Bits & Bytes: Google pushes 'pure' Android devices in Nexus line
BY ROBERT EVATT World Staff Writer
Sunday, November 04, 2012
11/04/12 at 2:54 AM
On the whole, I like the Android operating system. It's made great strides over the years and has become useful and fun to use.
But if you asked me what I think Android's greatest weakness is, I'd probably point to the various device makers. Some of them do great things with the operating system, but far too many of them load up an outdated version of Android, tart it up with largely unnecessary changes and ladle on the crapware.
I suspect Google knows this too, and that may be why it's making a renewed push for its own Nexus-branded devices. The company just announced the Nexus 4 is the latest Nexus phone, the Nexus 10 is a new large tablet and the Nexus 7 - the smaller, previously released tablet - now has more memory for the same price.
Despite Google's recent purchase of Motorola Mobility, it doesn't make the Nexus-branded devices. The 4 will be made by LG, the 7 is made by Asus and the 10 will be made by Samsung. So why is Google lavishing attention on a narrow range of dozens of Android devices?
The Nexus devices are the only ones with completely unmodified versions of Android - they're the "pure" experience.
Beyond nerd cred, going unmodified has some distinct advantages. Not only do you avoid less-than-ideal changes and crapware you can't get rid of, but you'll also be able to update the devices the instant the new version of Android comes out. The other devices have to account for the changes in programming, so it can take many months before the upgrade hits, if they get upgrades at all.
Does this mean Nexus products are the best Androids? Not necessarily.
I haven't had the opportunity to try it, but the Nexus 7 has earned enthusiastic reviews, and Asustek CFO David Chang told the Wall Street Journal last week that the tablet is close to selling a million units per month. For a non-iPad, that's darn good.
Nexus phones are another matter. Although they've been good phones for their time, they've typically arrived alongside better phones.
I'm also a little concerned about the Nexus 4's lack of LTE. The ultra-fast cellular technology is now widespread enough that it should be considered standard equipment on every decent smartphone. I'm guessing it was left out to keep the unsubsidized, no-contract price less than $300, though the omission could be a real handicap for such a high-profile device.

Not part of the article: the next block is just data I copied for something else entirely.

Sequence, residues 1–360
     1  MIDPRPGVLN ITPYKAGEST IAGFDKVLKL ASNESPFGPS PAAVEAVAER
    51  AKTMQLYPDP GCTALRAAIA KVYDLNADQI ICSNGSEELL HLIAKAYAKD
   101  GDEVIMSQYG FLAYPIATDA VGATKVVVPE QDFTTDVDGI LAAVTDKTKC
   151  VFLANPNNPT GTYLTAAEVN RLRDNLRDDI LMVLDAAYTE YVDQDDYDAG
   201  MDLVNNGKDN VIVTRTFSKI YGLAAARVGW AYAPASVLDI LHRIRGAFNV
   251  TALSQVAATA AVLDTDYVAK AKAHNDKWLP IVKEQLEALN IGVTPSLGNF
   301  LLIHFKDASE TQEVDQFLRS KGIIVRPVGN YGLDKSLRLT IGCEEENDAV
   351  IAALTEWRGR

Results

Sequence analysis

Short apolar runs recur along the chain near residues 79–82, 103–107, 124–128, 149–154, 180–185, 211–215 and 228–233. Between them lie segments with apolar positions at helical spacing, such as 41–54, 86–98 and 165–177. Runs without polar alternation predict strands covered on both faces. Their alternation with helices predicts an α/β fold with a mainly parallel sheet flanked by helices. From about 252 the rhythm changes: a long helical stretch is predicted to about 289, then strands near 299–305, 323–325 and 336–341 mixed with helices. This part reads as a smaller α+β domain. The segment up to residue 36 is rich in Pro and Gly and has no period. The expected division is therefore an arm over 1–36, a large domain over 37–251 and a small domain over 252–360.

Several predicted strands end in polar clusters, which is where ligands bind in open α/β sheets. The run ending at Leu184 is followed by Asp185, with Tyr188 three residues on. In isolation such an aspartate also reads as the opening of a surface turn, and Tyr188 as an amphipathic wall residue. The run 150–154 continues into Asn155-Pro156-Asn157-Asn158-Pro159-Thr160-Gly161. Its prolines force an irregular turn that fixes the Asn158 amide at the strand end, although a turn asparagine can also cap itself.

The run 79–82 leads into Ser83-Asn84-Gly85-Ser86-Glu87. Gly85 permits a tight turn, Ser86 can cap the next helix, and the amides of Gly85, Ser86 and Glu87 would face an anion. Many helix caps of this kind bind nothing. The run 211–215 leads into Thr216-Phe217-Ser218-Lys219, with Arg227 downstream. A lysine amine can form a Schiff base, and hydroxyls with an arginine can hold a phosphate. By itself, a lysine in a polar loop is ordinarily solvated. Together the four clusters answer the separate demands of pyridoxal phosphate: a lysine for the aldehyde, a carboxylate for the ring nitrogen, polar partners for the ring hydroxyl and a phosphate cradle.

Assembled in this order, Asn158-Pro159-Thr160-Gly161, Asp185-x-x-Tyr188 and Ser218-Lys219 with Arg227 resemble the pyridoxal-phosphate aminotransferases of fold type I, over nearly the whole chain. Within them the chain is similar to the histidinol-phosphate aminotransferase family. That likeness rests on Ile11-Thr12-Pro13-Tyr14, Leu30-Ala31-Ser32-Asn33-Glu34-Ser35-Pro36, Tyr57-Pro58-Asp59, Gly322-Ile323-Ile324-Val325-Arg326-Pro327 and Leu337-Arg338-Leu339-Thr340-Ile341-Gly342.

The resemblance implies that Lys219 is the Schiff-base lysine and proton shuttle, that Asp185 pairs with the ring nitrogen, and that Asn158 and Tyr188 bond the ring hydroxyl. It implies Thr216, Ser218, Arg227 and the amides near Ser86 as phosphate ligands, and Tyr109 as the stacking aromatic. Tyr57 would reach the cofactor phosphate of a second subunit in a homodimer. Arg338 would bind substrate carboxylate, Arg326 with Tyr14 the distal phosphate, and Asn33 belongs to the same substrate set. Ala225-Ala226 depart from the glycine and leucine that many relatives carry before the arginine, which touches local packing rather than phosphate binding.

The Nexus brand isn't always a slam dunk. Still, unmodified Android could be yet another tempting option that stands out when shopping among all the Android devices out there.
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I love a good movie theater experience, but there's no pause button for the times you drank too much Coke and you don't want to miss anything. Fortunately, RunPee is here to help. Not only will it suggest times you can run to the bathroom when you won't miss much in any given movie, but it also has a timer you can set to have the phone vibrate and remind you when to go.
Beyond that, RunPee is a surprisingly great Swiss army knife for movie-watching. There's links to reviews from users and rottentomatoes.com, movie information from imdb.com, a synopsis of the first five minutes of the movie if you're running late and even a flashlight mode if you've dropped your keys.
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Original Print Headline: Google pushes 'pure' Android devices
Legal battle between Apple, Samsung gets sillier
Apple and Samsung aren't just duking it out in U.S. courts. They're suing each other in the U.K. as well, and Apple lost its bid to claim Samsung copied Apple's designs. In fact, a judge ordered Apple to post on its website a message saying Samsung didn't copy them.
As a result, we got the most passive-aggressive legal compliance I've ever seen. Apple posted trial documents detailing the differences between Apple and Samsung's products - including a judge's assertion that Apple is cool and Samsung isn't. They followed that gem up with a paragraph noting courts in the U.S. and Germany ruled that Samsung did copy Apple.
The judges weren't amused and ordered Apple to try again. As silly as this was, I get the feeling the legal war of the tech giants will only get sillier.
The Nexus 4 smartphone (left) and the Nexus 10 tablet are Google's devices that run unmodified versions of the Android operating system. Google, which doesn't manufacture the devices itself, is one of few devicemakers that leave the operating system in its "pure" form, which comes with some advantages. JEFF CHIU / Associated Press
A Samsung Galaxy S III is seen next to the Apple logo. Apple claims Samsung copied its designs. Bloomberg file